In Billie’s case, it was necessary to restore harmony between the heart and kidney systems and see if the symptoms would improve along with the tongue appearance. Since Billie’s kidney pulse was weak, I wanted to strengthen this system as well.
Toning the Kidney System
Strengthening an organ when it has become weak usually takes time, so I recommended to Billie that she take a kidney-strengthening formula. A weak kidney system may be associated with an adrenal weakness. Acupuncture, herbs and diet are recommended to support the kidney function, which often will calm down the nervous system.
A wonderful herb for this situation is reishi (Ganoderma lucidum), a medicinal mushroom. Extracts and teas of reishi are particularly effective for relieving symptoms of nervousness, anxiety and insomnia when the symptoms arise from a weakened kidney system. I’ve found the most effective kind of reishi product to be a dried and powdered tea extract in capsules or tablets. The dose is about 1 to 2 grams, in the morning and an hour before bedtime, which should be taken for at least six weeks to three months.
Though she was understandably skeptical at first, Billie agreed to take a formula to “Quell heart fire and tonify the kidney.” The Western mind doesn’t always wrap itself easily around such a concept. The kidney-tonifying formula contained American ginseng (Panax quinquefolius) and ligustrum (Ligustrum spp.), with the addition of milkwort rhizome (Polygala spp., or yuan zhi) to reduce heart fire and calm anxiety. The herbs are available in powdered extract form and in bulk to make a tea. They should be taken for at least six to 12 weeks for best results.
Treat the Root of the Imbalance
Another important principle of TCM is “treat the branch, treat the root.” I wanted to treat the root of the problem by toning the kidney and eliminating the cause of Billie’s anxiety. Western herbs are very good at treating the branch — helping reduce symptoms quickly. I recommended Billie take a formula of calmative herbs while we addressed the deeper sources of her distress.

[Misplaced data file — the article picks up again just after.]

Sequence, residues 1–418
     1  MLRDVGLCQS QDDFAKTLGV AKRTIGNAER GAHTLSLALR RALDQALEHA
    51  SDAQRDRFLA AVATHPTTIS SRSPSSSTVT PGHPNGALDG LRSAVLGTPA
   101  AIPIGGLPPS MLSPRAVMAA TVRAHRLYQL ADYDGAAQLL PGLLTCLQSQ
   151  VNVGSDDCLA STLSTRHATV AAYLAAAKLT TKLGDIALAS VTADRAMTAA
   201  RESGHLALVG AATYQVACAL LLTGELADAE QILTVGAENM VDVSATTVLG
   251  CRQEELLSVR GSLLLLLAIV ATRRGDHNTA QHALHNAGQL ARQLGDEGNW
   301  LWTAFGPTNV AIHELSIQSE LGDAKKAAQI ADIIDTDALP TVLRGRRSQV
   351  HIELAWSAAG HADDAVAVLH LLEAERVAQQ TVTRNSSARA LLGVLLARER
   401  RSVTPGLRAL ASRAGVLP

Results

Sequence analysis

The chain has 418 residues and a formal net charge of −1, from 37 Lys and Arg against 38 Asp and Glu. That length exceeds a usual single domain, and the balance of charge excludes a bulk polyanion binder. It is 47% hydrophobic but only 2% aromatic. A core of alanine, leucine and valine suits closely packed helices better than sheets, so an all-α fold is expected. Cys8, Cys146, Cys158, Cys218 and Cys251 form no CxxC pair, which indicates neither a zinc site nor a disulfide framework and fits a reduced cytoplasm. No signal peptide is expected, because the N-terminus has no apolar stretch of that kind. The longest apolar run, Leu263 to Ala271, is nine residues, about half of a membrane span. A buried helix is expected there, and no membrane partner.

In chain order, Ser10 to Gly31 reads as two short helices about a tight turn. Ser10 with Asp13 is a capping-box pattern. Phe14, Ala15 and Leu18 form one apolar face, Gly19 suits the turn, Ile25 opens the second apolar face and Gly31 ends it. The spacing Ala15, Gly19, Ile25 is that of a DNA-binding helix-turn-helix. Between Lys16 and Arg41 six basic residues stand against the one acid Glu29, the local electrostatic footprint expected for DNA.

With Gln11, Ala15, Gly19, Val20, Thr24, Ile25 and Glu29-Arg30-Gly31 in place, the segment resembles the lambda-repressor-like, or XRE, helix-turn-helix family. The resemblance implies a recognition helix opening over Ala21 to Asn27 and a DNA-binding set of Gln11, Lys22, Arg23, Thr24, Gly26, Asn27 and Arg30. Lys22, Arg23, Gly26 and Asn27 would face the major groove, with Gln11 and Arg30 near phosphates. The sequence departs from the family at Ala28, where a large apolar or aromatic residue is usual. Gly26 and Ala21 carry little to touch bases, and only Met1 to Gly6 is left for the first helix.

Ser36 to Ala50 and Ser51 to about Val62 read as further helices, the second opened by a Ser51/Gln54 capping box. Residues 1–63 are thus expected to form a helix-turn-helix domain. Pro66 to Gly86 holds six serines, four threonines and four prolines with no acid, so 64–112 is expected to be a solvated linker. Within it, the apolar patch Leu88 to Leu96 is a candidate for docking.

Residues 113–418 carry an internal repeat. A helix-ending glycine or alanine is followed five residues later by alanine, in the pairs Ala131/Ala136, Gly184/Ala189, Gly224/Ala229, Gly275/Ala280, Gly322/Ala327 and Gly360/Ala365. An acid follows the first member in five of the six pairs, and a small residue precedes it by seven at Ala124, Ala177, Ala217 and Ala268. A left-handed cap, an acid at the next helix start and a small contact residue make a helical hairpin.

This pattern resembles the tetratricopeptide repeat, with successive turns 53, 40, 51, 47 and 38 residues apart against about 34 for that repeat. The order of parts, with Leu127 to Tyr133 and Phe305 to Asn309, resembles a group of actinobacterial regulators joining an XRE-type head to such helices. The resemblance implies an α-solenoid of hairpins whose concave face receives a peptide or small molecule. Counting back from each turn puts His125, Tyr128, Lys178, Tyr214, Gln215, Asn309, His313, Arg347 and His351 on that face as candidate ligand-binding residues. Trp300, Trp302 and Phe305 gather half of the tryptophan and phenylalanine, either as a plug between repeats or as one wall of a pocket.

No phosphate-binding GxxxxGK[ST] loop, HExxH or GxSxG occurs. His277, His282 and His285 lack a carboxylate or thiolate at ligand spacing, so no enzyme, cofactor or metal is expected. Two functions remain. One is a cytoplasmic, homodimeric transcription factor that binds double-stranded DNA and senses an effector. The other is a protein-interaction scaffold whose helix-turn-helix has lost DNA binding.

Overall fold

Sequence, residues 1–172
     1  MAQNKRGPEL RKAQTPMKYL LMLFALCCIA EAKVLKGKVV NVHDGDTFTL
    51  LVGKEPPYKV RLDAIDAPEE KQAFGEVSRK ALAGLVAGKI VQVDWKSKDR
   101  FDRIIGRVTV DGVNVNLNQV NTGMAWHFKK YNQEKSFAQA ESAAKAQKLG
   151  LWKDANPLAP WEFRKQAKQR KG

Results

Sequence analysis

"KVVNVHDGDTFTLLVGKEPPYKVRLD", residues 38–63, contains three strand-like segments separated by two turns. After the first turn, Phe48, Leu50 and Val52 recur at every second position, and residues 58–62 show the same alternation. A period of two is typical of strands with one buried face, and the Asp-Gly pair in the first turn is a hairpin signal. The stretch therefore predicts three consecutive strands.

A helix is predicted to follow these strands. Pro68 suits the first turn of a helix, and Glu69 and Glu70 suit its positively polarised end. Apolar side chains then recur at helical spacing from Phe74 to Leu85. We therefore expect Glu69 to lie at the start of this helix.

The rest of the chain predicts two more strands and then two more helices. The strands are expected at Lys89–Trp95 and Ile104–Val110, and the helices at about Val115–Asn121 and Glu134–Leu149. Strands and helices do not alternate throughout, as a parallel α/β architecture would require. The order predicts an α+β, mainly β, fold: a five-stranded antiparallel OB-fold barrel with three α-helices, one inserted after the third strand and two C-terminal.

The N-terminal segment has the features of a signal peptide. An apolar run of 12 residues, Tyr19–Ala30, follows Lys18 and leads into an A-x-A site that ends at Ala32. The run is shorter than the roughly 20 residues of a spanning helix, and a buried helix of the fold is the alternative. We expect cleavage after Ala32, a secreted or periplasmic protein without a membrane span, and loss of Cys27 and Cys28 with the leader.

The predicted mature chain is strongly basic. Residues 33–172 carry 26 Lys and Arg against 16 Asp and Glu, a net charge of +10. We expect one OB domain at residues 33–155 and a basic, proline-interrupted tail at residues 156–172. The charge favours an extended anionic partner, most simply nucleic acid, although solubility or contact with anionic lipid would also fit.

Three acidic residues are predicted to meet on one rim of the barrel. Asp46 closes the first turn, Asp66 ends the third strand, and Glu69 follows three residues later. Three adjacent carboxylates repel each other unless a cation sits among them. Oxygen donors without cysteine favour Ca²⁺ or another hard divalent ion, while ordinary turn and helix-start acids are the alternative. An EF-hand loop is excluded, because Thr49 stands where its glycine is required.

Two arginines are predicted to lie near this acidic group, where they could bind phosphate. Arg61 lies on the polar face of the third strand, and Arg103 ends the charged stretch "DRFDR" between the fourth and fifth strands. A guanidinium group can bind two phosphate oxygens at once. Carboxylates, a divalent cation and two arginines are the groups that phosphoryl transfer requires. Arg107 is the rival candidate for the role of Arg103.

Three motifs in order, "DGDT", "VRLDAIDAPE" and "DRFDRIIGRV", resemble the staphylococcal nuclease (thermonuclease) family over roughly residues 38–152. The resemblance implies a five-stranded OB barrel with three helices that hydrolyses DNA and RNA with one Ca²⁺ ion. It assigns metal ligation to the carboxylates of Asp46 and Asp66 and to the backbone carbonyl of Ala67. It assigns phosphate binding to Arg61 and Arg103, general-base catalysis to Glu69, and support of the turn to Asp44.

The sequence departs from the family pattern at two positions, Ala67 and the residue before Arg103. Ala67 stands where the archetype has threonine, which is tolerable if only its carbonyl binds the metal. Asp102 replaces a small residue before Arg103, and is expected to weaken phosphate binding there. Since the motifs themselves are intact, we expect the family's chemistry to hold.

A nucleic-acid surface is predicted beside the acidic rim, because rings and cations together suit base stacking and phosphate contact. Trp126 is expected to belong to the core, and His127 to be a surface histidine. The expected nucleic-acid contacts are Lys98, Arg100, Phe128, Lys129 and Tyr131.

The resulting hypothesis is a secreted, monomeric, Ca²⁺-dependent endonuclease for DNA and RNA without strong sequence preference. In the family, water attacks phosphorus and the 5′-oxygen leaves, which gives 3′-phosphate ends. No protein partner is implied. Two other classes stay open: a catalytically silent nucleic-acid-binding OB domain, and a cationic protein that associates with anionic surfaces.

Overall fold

Billie agreed to try the following herbs as a relaxing tea in the evenings and anytime during the day: linden flower (Tilia ¥europaea), chamomile (Matricaria recutita) and lemon balm (Melissa officinalis).
I asked her to rotate the herbs each week to see which was most effective. They’re tasty and easy to find in herb shops. She drank 1 to 3 cups daily.
Finally, I had Billie carry a small bottle of lavender essential oil with her. Smelling lavender oil has a calming, relaxing effect on the mind. This method became a great way for her to calm down when she started to feel anxious.
Achieving Excellent Results
The regular use of the herbs I’ve mentioned here, along with reducing simple carbohydrates a little, has made a believer out of Billie. The path from starting with the herbs to total relief of her anxiety hasn’t been a straight one, yet she told me this was the “kindest and yet sustainable” program she had found for reducing the severity and frequency of the attacks.
Christopher Hobbs’s case studies are gleaned from his 30 years of studying and practicing herbalism. Hobbs, a fourth-generation botanist and herbalist, is the creator of the correspondence course Foundations of Herbalism.
“Case Studies” is not intended to replace the advice of your health-care provider.